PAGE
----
By Staff Reporter : PNG Today
PNG is emerging as a favoured destination for international majors in natural gas sector says Oxford Business Group chief executive officer AndrewJeffreys. MrJeffreys was highlighting OBG’s fifth edition of THE REPORT for PNG 2016 yesterday stating that this in turn has triggered a substantial shift in other sectors from construction, services to communications, finance, logistics and agribusiness. He said that in the short term the investment case for PNG currently hinges on the delivery of natural gas projects and reinvestments of proceeds in infrastructure and strategic projects that help to boost domestic productivity such as high technology, modern agriculture and tourism.
“Given its unique hydrocarbon and mining potential, PNG has a relatively easy task of differentiating itself as a destination of choice for energy majors and commodity investors. “Delivery of large scale projects creates an enormous buzz in international media and tends to attract smaller investors. “PNG has a formidable pipeline of energy and mining projects to be delivered within the next 10 years, however feasibility studies alone that are available to the public reveal an astonishing 26 billion dollar investment prospect,” he said.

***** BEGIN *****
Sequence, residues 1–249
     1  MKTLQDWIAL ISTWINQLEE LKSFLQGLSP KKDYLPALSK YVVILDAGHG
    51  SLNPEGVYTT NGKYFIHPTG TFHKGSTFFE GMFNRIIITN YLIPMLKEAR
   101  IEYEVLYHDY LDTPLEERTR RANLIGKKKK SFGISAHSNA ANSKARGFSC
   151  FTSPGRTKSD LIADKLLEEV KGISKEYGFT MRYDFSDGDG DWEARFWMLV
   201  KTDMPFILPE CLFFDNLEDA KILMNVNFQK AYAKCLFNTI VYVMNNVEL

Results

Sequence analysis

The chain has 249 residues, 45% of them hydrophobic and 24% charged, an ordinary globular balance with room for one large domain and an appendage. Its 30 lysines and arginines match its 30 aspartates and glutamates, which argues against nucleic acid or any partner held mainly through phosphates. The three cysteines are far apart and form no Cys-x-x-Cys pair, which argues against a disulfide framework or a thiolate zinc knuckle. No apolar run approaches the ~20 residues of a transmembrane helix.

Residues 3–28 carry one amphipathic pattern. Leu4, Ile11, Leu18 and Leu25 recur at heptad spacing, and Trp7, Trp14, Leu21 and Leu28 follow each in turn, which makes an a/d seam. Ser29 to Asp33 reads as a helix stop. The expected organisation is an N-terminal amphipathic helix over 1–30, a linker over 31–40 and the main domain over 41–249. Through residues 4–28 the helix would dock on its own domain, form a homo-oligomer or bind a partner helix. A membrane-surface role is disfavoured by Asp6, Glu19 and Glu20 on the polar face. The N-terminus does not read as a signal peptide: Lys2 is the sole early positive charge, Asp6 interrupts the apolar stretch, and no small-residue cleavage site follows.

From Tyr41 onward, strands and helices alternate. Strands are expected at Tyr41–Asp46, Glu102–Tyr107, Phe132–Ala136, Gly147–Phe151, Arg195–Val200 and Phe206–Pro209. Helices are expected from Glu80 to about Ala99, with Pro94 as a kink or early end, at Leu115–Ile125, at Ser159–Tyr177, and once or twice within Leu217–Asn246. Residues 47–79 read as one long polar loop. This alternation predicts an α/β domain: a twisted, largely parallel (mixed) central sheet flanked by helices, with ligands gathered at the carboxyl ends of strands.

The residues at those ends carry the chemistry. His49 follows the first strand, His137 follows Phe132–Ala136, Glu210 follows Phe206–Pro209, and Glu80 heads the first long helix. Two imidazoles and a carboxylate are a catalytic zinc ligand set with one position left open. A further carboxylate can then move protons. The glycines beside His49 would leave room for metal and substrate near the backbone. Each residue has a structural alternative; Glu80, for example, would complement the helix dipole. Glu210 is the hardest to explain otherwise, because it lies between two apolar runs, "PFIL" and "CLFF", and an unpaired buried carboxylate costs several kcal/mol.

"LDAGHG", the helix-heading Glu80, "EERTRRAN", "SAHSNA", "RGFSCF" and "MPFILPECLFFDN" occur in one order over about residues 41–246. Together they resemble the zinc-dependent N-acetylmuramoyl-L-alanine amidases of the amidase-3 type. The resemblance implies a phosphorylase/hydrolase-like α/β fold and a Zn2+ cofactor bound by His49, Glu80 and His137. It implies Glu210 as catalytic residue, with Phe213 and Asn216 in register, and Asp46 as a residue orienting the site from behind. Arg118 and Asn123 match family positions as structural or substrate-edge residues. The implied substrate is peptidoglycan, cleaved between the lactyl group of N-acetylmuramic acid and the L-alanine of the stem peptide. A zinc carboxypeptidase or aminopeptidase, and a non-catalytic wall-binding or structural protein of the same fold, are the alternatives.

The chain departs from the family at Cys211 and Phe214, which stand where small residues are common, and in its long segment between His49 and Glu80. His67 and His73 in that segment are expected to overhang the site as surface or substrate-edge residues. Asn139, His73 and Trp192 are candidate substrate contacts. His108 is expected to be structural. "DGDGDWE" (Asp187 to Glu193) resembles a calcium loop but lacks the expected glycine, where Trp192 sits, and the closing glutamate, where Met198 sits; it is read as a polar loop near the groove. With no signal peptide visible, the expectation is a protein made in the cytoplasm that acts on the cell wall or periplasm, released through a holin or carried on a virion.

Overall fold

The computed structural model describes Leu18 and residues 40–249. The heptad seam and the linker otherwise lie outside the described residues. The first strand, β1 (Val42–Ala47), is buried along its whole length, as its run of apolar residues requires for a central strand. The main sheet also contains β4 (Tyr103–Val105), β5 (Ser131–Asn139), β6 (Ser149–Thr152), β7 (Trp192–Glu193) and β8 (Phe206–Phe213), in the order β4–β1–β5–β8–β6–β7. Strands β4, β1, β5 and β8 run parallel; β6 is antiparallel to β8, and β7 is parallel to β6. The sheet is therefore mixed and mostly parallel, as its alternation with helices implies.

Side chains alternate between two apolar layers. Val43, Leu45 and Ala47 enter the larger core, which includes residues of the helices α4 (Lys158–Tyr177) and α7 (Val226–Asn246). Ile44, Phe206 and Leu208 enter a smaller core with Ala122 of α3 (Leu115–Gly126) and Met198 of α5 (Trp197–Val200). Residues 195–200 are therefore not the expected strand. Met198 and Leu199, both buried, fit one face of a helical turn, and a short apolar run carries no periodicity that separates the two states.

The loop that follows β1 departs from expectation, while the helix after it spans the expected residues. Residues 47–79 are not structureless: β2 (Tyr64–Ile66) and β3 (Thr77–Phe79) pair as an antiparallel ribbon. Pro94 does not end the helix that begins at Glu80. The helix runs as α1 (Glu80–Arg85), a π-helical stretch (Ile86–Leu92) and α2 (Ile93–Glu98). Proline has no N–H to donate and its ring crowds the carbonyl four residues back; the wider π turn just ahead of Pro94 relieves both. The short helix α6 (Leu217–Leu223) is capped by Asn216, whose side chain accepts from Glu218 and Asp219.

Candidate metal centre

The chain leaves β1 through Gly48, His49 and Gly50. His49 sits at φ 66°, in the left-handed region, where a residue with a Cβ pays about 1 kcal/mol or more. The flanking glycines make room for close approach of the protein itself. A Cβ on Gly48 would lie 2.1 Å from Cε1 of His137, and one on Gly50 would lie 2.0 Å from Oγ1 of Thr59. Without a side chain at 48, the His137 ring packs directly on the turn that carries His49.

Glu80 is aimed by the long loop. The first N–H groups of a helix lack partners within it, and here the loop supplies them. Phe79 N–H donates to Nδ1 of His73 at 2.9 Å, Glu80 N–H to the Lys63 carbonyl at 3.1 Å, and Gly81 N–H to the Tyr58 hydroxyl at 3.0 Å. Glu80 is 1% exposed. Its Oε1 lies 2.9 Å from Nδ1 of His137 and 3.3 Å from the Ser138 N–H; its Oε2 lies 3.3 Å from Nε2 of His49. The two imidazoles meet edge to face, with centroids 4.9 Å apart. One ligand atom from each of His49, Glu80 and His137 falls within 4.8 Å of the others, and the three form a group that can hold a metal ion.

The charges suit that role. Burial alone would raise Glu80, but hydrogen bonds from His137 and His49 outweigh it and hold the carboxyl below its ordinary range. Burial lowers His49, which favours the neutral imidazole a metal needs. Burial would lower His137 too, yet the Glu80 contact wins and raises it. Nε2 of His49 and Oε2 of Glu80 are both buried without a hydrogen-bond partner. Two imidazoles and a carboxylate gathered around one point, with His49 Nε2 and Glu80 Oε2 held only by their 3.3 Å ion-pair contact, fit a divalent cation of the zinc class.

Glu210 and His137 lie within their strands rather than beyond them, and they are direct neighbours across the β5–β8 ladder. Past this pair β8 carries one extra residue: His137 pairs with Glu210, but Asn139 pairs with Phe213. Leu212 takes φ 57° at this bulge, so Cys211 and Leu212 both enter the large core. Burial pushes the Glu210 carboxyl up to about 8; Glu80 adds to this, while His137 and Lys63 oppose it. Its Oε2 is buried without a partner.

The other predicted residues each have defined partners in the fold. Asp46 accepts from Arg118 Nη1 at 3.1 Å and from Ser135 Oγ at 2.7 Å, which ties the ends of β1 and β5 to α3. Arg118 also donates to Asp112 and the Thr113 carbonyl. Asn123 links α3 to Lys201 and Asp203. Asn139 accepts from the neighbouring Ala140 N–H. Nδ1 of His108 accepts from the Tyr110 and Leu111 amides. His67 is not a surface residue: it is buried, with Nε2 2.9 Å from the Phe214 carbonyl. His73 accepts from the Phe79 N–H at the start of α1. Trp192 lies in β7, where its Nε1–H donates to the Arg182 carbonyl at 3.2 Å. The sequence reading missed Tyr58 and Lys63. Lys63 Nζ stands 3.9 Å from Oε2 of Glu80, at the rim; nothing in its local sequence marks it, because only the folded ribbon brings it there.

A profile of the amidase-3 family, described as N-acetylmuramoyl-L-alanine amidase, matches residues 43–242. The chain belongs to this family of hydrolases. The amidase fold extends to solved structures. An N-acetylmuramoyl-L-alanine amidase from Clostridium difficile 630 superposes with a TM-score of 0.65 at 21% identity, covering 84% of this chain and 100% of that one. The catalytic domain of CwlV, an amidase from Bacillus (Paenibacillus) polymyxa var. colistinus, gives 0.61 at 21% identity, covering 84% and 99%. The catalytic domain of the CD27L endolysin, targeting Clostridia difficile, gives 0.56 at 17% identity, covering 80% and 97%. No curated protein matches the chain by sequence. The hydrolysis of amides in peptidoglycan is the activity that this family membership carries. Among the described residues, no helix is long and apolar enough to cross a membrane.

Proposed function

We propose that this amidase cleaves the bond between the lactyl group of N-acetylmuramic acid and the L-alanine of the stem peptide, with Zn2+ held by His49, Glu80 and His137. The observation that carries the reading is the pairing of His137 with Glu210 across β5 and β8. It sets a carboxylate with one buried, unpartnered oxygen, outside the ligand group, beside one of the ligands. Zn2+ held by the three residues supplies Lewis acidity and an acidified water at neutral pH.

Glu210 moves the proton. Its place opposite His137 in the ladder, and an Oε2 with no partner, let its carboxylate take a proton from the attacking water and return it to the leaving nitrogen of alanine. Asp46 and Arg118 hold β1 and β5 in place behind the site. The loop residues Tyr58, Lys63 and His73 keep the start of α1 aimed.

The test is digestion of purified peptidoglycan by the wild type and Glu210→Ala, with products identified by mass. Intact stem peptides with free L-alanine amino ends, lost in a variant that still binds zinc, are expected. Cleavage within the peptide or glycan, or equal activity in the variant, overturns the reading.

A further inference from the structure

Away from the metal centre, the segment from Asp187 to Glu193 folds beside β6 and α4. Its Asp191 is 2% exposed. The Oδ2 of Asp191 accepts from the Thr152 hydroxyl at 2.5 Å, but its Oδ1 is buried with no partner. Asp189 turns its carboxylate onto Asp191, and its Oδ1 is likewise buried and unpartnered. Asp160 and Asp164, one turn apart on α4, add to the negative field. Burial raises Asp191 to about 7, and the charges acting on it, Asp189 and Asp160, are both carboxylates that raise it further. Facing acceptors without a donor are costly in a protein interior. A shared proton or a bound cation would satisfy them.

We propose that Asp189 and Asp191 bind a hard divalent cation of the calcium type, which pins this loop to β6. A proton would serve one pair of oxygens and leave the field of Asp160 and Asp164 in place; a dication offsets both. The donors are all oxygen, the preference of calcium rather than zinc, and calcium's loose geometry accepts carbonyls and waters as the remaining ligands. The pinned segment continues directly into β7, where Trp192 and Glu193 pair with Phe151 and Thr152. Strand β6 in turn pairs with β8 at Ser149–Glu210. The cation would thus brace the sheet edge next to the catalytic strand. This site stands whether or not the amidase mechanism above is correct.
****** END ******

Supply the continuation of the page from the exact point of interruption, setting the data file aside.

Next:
Mr Jeffreys said given its small and rural population, PNG view stands to benefit from technological advances developed in other countries, skipping the traditional stage of becoming a low cost manufacturer, adding that instead the country has an opportunity to focus on value adding sectors that support its core industries in oil and gas, mining and agriculture. “Our estimates suggest by 2025 tourism contribution to GDP is set to rise to 5.3 per cent and PNG’s hospitality sector is likely to emerge as one of the biggest source of jobs in the next 10 years. “And what can we expect from agriculture. The sector saw growth of 3.9 per cent in 2014 with palm oil accounting for two-thirds of export revenues, and the revival of global commodity prices is helping cocoa farmers, however the only challenge is access to modern technology and logistics,” he said.
He said although PNG cannot compete with Asian manufacturing power houses such as China, Vietnam and Thailand, it ought to focus on developing local capacity to cater for local demand in food, construction and timber related consumer and industrial products. “Today, manufacturing sector remains small with PNG running a trade deficit with other countries, if you strip out energy exports. “Even if 30 per cent of it is delivered, we are looking at a significant boost to employment in the construction sector, increase in government revenues and growth in technology services to support these operations,” he said.